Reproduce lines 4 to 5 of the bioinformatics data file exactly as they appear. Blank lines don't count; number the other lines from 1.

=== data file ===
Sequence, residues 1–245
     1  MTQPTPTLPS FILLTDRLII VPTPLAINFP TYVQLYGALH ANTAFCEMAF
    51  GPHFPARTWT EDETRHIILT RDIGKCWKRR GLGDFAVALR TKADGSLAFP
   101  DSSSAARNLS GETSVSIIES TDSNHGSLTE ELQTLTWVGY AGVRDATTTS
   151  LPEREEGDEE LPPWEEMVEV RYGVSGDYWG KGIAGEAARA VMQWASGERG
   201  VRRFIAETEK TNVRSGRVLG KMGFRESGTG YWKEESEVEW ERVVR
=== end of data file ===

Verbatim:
   101  DSSSAARNLS GETSVSIIES TDSNHGSLTE ELQTLTWVGY AGVRDATTTS
   151  LPEREEGDEE LPPWEEMVEV RYGVSGDYWG KGIAGEAARA VMQWASGERG